How to Complain of Illegal Activities: A Primer for the Whistleblower
Federal Whistleblower Protections
There are hundreds of state and federal whistleblower laws covering a myriad of industries. In order to determine whether or not you should blow the whistle, it’s critical to know in advance which laws apply to your specific complaint and industry. The law that you sue under will effect the amount of money you can recover, whether your case will be heard by a judge, jury, or administrative agency, and whether the complains you are contemplating are even protected speech.
The major federal whistleblower laws are
- The False Claims Act, which is applicable to any fraud committed in connection with federal procurement or contracting;
- Section 406 of the Internal Revenue Code, which covers complaints alleging tax fraud and underpayment of taxes;
- Section 21F of the Securities Exchange Act, applicable to fraud committed in connection with the purchase or sale of securities and fraud on taxpayers;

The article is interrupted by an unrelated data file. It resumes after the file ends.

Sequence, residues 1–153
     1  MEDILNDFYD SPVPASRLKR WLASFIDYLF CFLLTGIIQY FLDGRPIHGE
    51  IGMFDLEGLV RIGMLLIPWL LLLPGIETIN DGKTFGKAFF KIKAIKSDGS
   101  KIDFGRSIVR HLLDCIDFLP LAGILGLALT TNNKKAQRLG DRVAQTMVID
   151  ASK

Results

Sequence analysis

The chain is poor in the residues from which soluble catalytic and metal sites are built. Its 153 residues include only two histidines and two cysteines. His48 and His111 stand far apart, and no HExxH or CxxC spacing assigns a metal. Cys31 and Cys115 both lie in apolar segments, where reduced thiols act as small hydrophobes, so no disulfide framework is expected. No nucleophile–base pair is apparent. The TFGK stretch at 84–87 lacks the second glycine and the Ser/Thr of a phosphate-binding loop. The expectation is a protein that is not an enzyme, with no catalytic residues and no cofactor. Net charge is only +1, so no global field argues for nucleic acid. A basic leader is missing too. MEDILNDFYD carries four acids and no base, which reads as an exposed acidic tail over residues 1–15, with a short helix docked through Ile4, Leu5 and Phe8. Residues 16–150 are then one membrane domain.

- Section 23 of the Commodities Exchange Act, which covers transactions involving oil, gas, foreign currency, and agriculture.
Sorting out which of these laws, and other laws, apply to your case is confusing for the layperson. Further, it’s difficult for a non-attorney to determine whether or not complaints about the conduct at issue are protected speech and covered by the anti-retaliation laws.
A perfect example of a “counter-intuitive” decision by a court holding that speech was not protected is Garcetti v. Ceballos. In Ceballos, an employee of the Los Angeles District Attorney’s Office noticed that police officers and other city employees were systematically submitting false and misleading affidavits to judges in an effort to secure warrants. The employee complained to his supervisors about the fraud. In retaliation, the managers transferred the employee to another department, and then rejected the employee’s application for promotion.